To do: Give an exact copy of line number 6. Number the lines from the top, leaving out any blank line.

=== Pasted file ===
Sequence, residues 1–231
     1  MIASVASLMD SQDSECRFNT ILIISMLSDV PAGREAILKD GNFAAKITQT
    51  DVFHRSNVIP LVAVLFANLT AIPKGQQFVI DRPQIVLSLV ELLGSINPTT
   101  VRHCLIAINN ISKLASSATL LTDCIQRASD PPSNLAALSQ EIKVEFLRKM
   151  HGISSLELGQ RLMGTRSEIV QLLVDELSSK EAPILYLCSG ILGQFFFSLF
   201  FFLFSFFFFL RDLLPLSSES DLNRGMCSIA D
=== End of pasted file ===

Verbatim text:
   201  FFLFSFFFFL RDLLPLSSES DLNRGMCSIA D